Within seconds of hearing the first drumbeats, you are immediately immersed into the vibrant, tropical paradise that is Jamaica. As the seductive, yet soulful voice of Atlanta’s very own Cherae come into play, the Caribbean fantasy is fulfilled as the rhythm of the song open up to a full-on dancehall anthem. “Hey, DJ play my
All good things must come to an end — it looks like Major Lazer may be creeping towards a finale.
In a recent interview with Complex, Diplo suggested that Major Lazer will be coming to an end in 2019 after one last album, eleven years after the group was initially founded by himself and his former counterpart Switch. Dishing on a range of exciting topics, the news of the dancehall trio’s disbandment comes when their frontman announces a forthcoming commemorative collection to mark the group’s ten year anniversary that features,
“A bunch of stuff you haven’ t heard like that we made the last ten years. Next year marks our last album, so we got a lot of stuff in between now and then.”
The reason for the split? Simply, Random White Dude Be Everywhere. Diplo’s side projects — the Mark Ronson-assisted Silk City and Labrinth and Sia‘s collaborative LSD — are starting to come into their own as full-fledged projects, and work with a whole new generation of rappers has Mad Decent‘s head honcho busier than ever. Moreover, sometimes it just comes down to knowing when to hang it up. After dominating the charts and cementing their names in the streaming records books, bridging the gaps between pop, electronic, and dancehall, and representing electronic music everywhere from Cuba to Africa to India, there’s not much more for Major Lazer to do.
As with any genre, there are catchphrases that are unique to it and it alone. Emotional dance music is one such phrase that comes to mind. It’s one that means a lot of different things to a lot of different people, and certainly, it’s one that can be overused and overstated. Is this music actually saying anything, one might ask. But more importantly, does it matter? Opinions aside, the question of substance matters greatly for the French electronic duo, The Blaze.
In the duo’s cinematic breakthrough, their video for “Territory,” they challenge the concept of male fragility. The video opens with two men in tears, hugging, and it’s a reunion so pure that even its viewer, a total stranger, might too be moved to tears.
Moonlight Director Barry Jenkins, another challenger of the aforementioned, recently went on to tell The New York Times‘ Joe Caramanica that the first time he watched the video he “had an experience.” Jenkins continued, “It’s almost like a ballet in a certain way, the camera is so active. It’s participating in this dance,” — and there is actual dancing in The Blaze’s music, plenty of it.
As the duo’s fully embraced the musical project and used it as a means to challenge perception and the world we’re living in, they’ve announced their debut album DANCEHALL, named for the social space — not to be confused with the reggae sub-genre. DANCEHALL, instead, is a tribute to the birth of the spaces in the 1940’s. On “FACES” the two capture the fleeting, simpler moments on the dance floors, when the only way to listen to your favorite artist was to come together — bodies moving together as one.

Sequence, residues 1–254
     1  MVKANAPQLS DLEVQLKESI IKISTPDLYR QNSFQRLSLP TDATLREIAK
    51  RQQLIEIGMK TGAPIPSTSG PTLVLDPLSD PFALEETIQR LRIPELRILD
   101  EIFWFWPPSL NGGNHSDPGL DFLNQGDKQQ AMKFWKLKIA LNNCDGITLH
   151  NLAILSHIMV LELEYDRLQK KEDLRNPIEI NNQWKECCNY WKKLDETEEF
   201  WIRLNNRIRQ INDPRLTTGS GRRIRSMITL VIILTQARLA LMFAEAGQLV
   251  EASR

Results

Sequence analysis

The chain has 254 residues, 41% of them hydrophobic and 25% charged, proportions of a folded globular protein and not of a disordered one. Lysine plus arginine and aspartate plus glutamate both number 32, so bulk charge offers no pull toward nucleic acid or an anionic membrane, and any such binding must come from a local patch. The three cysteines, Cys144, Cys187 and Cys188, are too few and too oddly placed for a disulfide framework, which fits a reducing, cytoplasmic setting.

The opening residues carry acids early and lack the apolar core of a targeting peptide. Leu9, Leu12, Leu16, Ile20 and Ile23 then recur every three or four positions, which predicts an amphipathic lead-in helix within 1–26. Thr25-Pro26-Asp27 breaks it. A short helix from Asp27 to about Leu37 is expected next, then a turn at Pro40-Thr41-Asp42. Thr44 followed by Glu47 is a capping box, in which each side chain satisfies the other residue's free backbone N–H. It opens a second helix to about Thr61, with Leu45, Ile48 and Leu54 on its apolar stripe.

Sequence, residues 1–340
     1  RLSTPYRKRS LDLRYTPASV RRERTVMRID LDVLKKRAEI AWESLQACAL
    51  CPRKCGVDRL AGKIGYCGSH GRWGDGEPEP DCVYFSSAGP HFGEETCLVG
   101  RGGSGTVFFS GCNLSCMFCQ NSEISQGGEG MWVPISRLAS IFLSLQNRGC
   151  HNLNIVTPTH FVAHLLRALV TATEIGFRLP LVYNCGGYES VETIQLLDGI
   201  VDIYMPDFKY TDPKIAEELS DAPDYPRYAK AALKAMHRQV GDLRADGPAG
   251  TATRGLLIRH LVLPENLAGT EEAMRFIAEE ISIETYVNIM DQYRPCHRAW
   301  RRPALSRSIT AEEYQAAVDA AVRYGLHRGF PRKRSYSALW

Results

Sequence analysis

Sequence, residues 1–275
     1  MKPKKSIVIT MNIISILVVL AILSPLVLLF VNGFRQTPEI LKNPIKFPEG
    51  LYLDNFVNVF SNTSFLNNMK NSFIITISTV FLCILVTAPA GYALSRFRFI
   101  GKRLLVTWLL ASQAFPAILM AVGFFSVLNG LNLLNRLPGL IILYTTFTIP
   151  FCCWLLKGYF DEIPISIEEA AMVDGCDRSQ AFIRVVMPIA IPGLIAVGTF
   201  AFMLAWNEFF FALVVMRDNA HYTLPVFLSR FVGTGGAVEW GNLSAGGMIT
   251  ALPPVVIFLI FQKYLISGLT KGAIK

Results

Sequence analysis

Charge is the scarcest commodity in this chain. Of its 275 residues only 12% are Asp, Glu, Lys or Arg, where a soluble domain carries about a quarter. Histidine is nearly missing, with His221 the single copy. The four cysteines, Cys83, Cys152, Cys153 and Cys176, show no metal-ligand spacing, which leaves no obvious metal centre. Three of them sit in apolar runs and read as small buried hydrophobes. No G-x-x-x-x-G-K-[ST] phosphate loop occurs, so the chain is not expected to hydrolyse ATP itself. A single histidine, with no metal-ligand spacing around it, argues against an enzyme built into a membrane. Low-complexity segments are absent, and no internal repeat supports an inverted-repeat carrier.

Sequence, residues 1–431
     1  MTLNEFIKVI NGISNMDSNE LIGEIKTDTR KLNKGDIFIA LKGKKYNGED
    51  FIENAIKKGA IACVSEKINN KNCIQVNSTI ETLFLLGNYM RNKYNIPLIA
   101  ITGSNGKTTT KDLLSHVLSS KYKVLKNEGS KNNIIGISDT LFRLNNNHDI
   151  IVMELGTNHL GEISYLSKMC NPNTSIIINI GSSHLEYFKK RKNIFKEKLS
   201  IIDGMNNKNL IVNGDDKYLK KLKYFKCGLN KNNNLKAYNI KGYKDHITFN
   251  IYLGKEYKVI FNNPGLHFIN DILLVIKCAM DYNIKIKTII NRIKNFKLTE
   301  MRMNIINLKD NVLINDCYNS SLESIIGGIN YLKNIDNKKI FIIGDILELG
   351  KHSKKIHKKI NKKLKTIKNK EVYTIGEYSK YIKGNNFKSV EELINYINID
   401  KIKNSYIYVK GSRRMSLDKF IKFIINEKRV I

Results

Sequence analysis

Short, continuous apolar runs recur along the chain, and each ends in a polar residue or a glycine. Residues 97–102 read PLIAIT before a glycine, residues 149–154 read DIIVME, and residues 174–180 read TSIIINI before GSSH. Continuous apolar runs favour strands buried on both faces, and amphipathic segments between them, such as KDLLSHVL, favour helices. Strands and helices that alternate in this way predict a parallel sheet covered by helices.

“FACES” follows The Blaze’s “Heaven.”Alongside their first releases “Virile” and “Territory,” the sumptuous video, completes a triptych.
DANCEHALL is out September 7 via Animal63/Sony Music U.K./RCA Records.
Photo Credit: Benjamin Loyseau
Santigold has snap-released her dancehall mixtape, I Don’t Want: The Gold Fire Sessions, produced by Mixpak Records founder Dre Skull. In her first release since 2016’s 99¢ album, the project came together with old, unfinished beats from Diplo and Ricky Blaze.
Announced just one day prior, Santi White opted to go with a swift release strategy to mimic current music consumption trends. She told Rolling Stone, ““I don’t think people necessarily digest music in the same way. So I’m going to do fun stuff for a minute, a different way. I have another EP I’m about to do with someone else that’s going to be really fun and fast.”
The Philadelphia-native singer and producer carries a casual, cool, rhythmic tone throughout the project, primed for leisurely poolside kicking. It’s a swaggering summer reggae record, that manages to incorporate compelling social commentary atop sunny island grooves. To top everything off, she recorded the album while pregnant, finishing her last track and the album’s titular “Gold Fire” just a week before the baby’s due date. Santigold will also perform select dates on Lauryn Hill’s The Miseducation of Lauryn Hill 20th Anniversary tour.
Rihanna and her label, Roc Nation, are in the midst of completing an album devoted to singer’s Caribbean roots. Sources close to the project have also suggested she’s also working on a different pop-oriented album. For the last year, team RiRi has been searching for beats, collecting what sources say is close to 500 records from different producers for the dancehall album alone. One producer whose asked to remain anonymous told Rolling Stone, “They’re only choosing 10 records. They’ve been having writing camps and trying to keep them quiet for almost a year and a half now. I’ve been flying to Miami, flying to L.A., cutting records nonstop for this project.” Apparently the Barbados-born pop queen’s A&R is still asking for records.